Family is number one on Edgar’s priority list, but when he got back to the gym, he was all-in once more, preparing for yet another rising star who knows that beating Frankie Edgar is a career-altering accomplishment.
“It's a good burden,” he said of always having a target on his back. “It's motivating. And I put all that pressure on myself. Every fight, I'm the one that's trying to outdo myself so these guys can't get me.”
The thing is, though, as good and as respected as Vera is, if Edgar beats him, that doesn’t necessarily change the trajectory of his career like if it would Vera’s if the roles were reversed. Edgar doesn’t agree.
Bonus Résumé: Frankie Edgar
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Bonus Résumé: Frankie Edgar
“In our sport, you're only as good as your last fight and my last fight didn't go so good, so I need to rebound. For me, in my mind, it's just as important as it is in Marlon Vera's mind.”
Come on, Frankie.
“For my mental health, it's very important.”
Okay, fair enough.
“The competitor I am, I have to look at it as it's do or die,” he elaborates. “The crowd is fickle, and if you don't go out and perform, people forget about you. For me, my life's on the line.”
Edgar’s legacy in this sport is set. Not just as a fighter and a former world champion, but as one of the best ambassadors MMA has ever had. So him being forgotten based on the result of Saturday night’s fight is just not happening. But…it reminds me of something boxing legend Bernard Hopkins told me before his fight against Oscar De La Hoya in 2004.
Hopkins, already with Hall of Fame credentials, said that if he lost to De La Hoya, he was going to be fighting on basic cable next. Impossible, I said. But then he explained that feeling like that kept him hungry.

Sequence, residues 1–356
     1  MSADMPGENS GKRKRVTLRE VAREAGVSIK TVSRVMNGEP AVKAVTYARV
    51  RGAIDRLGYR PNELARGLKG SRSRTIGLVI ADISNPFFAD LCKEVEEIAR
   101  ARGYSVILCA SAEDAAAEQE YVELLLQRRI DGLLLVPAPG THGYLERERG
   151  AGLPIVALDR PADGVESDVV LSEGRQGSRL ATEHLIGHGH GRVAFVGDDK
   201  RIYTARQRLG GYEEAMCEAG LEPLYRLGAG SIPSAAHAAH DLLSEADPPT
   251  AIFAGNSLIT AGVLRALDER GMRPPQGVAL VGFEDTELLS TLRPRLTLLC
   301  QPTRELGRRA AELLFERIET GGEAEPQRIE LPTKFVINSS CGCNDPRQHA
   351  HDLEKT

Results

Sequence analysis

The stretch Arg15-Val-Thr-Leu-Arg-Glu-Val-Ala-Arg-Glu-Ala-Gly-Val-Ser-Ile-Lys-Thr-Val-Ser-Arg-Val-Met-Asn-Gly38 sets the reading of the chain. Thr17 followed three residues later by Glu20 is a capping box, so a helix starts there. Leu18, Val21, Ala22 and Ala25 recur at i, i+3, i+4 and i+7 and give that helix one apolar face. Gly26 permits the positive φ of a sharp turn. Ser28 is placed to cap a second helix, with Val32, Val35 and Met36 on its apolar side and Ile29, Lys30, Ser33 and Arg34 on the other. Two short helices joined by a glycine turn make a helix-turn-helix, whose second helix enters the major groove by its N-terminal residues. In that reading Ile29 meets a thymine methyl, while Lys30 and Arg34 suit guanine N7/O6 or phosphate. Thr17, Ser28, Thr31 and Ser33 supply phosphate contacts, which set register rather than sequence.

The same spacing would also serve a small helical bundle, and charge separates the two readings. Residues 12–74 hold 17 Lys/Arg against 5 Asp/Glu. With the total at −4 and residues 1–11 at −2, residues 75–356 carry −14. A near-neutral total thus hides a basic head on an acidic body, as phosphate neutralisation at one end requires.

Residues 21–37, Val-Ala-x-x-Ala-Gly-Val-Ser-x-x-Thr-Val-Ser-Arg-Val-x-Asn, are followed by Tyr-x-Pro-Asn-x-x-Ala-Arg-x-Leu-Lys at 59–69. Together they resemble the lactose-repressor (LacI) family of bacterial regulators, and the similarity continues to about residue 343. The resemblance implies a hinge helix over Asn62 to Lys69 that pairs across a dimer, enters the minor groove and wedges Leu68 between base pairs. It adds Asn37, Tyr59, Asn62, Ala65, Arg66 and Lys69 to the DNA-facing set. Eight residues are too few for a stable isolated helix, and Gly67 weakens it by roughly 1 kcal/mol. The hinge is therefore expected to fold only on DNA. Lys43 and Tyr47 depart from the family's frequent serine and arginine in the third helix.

“Motivation can come in all shapes and forms with me,’ Hopkins said. “If I go outside and all my tires are slashed, that’s motivation. When things run smoothly, somebody has to break a glass; somebody has to do something. Some people need bumps in the road to make things happen.”
Are you that guy, Mr. Edgar?
“You need that fire under you, and that's just how I do it,” he said. “I put a lot of pressure on myself. Some people say that's bad, but to me, it's good. Pressure makes diamonds.”
I’ll call that a yes, and hey, with Hopkins winning title fights at 49, and Glover Teixeira taking the UFC light heavyweight title last weekend at 42, maybe it’s Edgar’s turn to show that 40 is the new 25.
“You don't see too many little guys at my age, but there's always gotta be a first guy, so I don't mind doing that,” he said. Then he paused.
“I love this,” Edgar continued. “I do. My spirit is not ready for any of this to be over with, so we're in it for a while.”
Don't miss a single strike of UFC 268: Usman vs Covington 2, live from Madison Square Garden in New York City on ESPN+ on November 6, 2021. Prelims begin at 6pm ET/3pm PT, main card starts at 10pm ET/7pm PT.